This autumn Modern Art Oxford presents the most comprehensive UK exhibition to date of work by Glasgow-based artist Karla Black. Black has come to public prominence in recent years with her expansive floor-based and hanging sculptures created from materials that suggest both a sensory recollection of childhood: powder-paint, crushed chalk and sugar paper; and a distinct feminine association: lipstick, nail varnish and body cream.
Working in response to the given space, Black often combines large blocks of colour created from her particular choice of materials: chalk dust mixed with plaster and slabs of Vaseline coloured with acrylic paint, with those that are barely visible to the naked eye: cellophane and cling film. The artist's use of cosmetic products and the processes of her art-making viscerally evokes the 'body' and 'landscape'.
Many of her works literally 'wear' make-up, and the interplay between the cosmetic and surface, form and formlessness, is ever-present. Black's sculptures appear to be as much a reference to Minimal and performative practices of the late 1960s, and the anti-form works of Eva Hesse and Robert Smithson, as they are to a historical sculptural tradition that resonates as far back as Bernini's Ecstasy of St. Theresa for instance.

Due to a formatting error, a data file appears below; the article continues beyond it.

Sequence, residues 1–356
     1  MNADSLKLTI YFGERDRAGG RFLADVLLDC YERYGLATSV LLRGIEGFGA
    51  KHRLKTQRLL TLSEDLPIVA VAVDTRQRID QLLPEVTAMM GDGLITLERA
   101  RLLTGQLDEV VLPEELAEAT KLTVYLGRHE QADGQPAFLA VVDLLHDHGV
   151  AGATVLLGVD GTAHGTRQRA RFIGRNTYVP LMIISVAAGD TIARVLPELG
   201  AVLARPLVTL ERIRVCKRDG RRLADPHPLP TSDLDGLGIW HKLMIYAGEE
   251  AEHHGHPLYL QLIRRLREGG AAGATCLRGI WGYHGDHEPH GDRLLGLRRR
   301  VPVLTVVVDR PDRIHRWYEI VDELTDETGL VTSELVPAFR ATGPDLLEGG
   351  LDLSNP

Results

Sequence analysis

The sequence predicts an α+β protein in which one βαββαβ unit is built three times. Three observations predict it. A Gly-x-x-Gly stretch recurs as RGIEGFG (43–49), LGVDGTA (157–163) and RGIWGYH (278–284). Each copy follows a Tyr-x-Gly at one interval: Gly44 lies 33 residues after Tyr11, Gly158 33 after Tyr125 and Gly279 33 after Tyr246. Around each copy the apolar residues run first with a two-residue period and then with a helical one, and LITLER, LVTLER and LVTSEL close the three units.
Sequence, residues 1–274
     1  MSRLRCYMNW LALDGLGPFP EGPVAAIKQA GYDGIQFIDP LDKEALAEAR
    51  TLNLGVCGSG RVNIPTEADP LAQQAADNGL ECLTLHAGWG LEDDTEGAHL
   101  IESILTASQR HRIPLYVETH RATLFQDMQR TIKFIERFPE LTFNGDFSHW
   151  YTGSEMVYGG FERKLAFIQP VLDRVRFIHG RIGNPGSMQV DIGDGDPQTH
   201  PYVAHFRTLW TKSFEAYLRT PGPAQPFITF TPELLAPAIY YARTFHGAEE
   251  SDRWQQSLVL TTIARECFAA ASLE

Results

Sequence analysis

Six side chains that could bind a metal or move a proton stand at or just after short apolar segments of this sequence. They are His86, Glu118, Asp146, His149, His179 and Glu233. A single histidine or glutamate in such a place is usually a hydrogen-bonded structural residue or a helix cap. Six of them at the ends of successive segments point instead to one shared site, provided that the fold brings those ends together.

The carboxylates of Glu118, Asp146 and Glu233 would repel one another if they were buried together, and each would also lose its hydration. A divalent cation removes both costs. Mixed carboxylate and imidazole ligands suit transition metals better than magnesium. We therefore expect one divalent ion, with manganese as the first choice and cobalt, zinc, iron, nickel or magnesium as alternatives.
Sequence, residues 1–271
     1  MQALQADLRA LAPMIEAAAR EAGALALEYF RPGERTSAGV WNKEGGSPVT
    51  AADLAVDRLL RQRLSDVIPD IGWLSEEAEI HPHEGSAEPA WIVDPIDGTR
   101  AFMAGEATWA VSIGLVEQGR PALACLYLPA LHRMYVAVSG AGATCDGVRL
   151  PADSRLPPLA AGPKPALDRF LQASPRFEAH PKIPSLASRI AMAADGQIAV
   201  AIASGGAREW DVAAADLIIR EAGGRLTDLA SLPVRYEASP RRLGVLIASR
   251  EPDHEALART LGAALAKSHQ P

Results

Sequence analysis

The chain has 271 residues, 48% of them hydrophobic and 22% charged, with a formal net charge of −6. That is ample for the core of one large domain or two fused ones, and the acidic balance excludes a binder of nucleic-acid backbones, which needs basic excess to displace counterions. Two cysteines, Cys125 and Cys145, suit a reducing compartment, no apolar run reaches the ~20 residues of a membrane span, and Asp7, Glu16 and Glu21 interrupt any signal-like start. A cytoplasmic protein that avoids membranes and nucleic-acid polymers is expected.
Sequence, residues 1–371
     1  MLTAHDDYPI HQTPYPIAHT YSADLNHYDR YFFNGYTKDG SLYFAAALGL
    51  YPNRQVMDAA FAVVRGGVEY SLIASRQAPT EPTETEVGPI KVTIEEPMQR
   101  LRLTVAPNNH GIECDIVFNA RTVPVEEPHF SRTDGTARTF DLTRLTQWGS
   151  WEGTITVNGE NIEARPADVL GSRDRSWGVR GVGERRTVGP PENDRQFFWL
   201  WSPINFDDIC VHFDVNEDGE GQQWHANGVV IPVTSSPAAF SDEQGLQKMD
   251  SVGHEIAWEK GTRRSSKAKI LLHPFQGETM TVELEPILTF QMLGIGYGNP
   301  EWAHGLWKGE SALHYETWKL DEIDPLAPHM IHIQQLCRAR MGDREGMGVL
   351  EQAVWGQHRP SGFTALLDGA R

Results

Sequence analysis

Supported by the Stanley Thomas Johnson Foundation and The Henry Moore Foundation.
ENCOUNTERS: COVA MACÍAS
30 September to 29 November 2009
Cova Macías' practice focuses on young people, how they construct their identity and present themselves. For the last six years she has made videos that intimately explore this territory, creating compelling portraits of her subjects and collaborators. Challenging the conventions of representation, these works often blur the line between documentary and fiction.
This exhibition presents three works, centring on Macías' most recent piece, La révolte intime (The intimate revolt), 2009. Made with young inhabitants of Paris' 19th district, it is part-biography of the protagonists and part-social documentary about this ethnically and culturally diverse area. Rehearsed and prepared over many months in a way that has come to characterize Macías' work, the young people speak to the camera about their lives with disarming frankness and poise.
Cova Macías lives and works in Madrid. This is the first presentation of her work in the UK.